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Workout clothes: Balancing comfort, style and cost

We always look for the most breathable and most comfortable top when we exercise or play sports. But is paying that extra money for that ultra-thin, antimicrobial cooling top worth the money? Ben Ong, one of the founders from TRIO Design & Marketing or TRIO for short, a sports apparel brand, shares his expert advice with us.

Eeva Chiam and Ben Ong, two of the founders of TRIO, which manufactures a wide range of sports apparel and gear.

Cotton, polyester, dri-FIT, microfiber, spandex, and the list goes on. With so many different types of performance fabrics available on the market, is there really a difference? Ben Ong from TRIO helps us solve this mystery:


1. For our readers' sake, tell us a bit about TRIO.

TRIO was formed by a group of friends who didn’t really like what is available in the market at the moment. We wanted to make sports apparel with input from various athletes and gym-goers on what they like and what they didn’t like.


Many big sports brands also do not customize and support local teams or small businesses such as Benchmark Theory, and they often have to resort to local manufacturers who do not specialize in sports fabrics. Hence TRIO aims to fill that gap.


The apparel of BMT's staff has been sponsored by TRIO for two years and counting!

2. What is the best type of material for sports then?

We often hear the term dry fit or dri-FIT, initially used by a leading sportswear brand. But what it really is, it just a more breathable form of polyester, which is already commonly found in many of your daily clothing. This material is best for sports as it is lightweight and breathable, almost feeling like a second skin.


Polyester is also inexpensive, recyclable and more durable. When it comes to laundry, polyester also can retain its shape better compared to other fibers and this is good because most of the time, your clothing is pulled or stretched when you do sports.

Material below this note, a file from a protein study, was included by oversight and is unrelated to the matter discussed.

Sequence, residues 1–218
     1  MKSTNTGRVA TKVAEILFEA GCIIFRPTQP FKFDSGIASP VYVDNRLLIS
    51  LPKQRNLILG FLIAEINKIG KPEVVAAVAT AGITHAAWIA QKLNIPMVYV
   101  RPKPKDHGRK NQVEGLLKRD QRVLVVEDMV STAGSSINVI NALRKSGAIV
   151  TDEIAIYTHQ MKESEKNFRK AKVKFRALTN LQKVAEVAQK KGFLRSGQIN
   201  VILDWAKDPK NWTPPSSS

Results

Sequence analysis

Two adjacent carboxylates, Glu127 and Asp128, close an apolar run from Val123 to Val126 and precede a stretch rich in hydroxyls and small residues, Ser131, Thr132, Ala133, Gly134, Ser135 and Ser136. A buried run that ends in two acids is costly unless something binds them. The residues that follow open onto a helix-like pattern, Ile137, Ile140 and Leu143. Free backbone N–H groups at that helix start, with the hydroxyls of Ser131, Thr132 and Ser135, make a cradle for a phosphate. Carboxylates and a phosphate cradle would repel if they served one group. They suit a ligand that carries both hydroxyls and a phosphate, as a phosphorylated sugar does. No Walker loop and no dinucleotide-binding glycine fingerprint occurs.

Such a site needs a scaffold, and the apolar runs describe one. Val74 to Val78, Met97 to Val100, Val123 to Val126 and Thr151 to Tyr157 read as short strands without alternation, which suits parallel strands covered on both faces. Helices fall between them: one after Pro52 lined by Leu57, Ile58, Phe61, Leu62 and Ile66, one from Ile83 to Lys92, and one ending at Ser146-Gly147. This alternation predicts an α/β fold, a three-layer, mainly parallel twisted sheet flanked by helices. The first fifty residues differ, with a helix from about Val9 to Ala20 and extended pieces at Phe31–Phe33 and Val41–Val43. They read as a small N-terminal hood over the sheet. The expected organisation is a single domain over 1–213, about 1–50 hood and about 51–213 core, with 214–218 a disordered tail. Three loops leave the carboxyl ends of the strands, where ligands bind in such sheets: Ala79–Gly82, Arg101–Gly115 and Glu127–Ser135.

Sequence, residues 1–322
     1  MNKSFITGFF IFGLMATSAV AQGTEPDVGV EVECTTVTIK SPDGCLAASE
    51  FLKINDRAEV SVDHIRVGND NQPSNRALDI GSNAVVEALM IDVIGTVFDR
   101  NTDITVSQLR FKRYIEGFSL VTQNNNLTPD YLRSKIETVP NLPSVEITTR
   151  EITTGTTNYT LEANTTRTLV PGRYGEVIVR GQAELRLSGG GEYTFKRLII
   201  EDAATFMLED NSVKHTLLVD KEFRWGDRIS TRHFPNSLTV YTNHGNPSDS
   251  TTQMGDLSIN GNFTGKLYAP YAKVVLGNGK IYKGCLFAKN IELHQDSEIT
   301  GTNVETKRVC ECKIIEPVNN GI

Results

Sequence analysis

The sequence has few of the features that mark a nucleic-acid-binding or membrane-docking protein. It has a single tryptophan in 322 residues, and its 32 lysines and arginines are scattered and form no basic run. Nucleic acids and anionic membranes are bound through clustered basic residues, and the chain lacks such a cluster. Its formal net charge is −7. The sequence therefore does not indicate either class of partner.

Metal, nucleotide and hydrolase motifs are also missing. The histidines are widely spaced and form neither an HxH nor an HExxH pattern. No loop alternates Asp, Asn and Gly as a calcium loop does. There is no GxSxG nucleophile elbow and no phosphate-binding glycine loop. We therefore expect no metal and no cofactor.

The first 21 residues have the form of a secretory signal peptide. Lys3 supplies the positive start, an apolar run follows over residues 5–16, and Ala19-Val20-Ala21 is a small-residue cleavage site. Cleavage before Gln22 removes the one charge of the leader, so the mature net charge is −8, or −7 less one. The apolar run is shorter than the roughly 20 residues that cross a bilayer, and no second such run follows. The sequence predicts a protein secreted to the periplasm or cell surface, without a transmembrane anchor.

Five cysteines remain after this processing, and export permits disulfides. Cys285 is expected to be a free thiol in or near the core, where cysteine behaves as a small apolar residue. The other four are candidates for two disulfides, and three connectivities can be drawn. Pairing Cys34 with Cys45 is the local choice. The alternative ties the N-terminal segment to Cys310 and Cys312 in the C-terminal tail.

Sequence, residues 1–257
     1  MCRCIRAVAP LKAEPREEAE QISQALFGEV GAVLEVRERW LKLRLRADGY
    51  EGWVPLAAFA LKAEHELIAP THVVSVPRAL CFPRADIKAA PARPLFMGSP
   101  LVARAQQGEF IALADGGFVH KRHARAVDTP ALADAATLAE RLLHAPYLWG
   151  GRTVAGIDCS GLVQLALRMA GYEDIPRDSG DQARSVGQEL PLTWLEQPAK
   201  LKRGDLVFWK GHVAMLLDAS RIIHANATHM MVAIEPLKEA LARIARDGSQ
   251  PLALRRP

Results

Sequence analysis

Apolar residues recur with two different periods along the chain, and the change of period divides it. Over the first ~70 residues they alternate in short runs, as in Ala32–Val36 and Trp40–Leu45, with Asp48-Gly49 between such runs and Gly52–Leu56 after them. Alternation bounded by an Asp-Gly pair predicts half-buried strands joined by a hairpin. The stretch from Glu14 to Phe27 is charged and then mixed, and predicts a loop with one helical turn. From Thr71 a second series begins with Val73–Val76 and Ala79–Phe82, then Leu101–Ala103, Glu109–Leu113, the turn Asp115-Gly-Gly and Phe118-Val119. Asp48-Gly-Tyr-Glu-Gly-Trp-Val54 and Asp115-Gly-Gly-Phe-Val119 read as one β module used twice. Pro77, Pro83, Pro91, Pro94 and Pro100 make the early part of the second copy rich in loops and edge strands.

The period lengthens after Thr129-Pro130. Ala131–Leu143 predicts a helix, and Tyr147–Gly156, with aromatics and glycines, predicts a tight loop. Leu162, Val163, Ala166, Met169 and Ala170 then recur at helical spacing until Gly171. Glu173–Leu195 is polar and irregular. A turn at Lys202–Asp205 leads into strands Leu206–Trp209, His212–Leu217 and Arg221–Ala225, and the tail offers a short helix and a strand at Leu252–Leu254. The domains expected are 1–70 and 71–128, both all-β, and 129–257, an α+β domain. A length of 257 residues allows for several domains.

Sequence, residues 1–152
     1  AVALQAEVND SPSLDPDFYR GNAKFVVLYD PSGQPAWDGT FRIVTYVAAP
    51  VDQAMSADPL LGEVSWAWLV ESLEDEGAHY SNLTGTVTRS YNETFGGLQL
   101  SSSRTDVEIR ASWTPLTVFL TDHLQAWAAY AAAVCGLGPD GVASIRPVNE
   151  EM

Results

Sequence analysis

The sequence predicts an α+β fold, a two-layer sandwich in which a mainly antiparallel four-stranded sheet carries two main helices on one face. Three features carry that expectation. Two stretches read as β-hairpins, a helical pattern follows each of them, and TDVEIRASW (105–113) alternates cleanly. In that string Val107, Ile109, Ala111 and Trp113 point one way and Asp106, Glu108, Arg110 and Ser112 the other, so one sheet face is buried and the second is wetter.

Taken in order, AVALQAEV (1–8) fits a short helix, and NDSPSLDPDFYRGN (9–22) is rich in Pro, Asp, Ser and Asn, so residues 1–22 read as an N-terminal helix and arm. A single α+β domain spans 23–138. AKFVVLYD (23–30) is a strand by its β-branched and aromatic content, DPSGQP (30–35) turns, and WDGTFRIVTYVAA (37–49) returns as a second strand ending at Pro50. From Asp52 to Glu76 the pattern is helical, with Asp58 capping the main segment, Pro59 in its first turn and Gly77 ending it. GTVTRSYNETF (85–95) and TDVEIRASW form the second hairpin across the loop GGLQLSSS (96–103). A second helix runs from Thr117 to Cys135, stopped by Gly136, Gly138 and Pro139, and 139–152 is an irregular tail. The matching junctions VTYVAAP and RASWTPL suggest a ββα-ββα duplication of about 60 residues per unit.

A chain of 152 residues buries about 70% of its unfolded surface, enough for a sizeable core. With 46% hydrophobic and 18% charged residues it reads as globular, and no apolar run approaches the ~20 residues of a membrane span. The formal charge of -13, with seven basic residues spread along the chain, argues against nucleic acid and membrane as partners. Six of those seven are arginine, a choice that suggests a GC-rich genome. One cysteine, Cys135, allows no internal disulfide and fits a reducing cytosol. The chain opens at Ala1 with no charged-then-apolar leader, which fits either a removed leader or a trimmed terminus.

The best type of performance fabric depends on what its usage is for. So various blends of fibers work well for different sports. But ultimately, polyester is your best bet.



3. But sometimes people like wearing cotton as it absorbs moisture...

A common misconception is that moisture-absorbing clothing such as cotton is better, but it is not as breathable and won't dry as fast, so the wearer will often feel more uncomfortable compared to polyester. Polyester has a lower moisture absorbency as it allows the moisture to wick away from the body as fast as possible, therefore the wearer will feel cooler and more comfortable.


If body odour is a concern, double -rinse your clothing before washing.

4. So, how do we know if it is good quality polyester? There are two simple ways to test the breath-ability of a fabric:

  • The obvious is to place your hand below the fabric and blow through it. If fabric is breathable, you’ll be able to feel it.

  • Another is to place a small amount of water onto the fabric. The faster the water disperses itself on the fabric, the more porous it is, hence better breath-ability.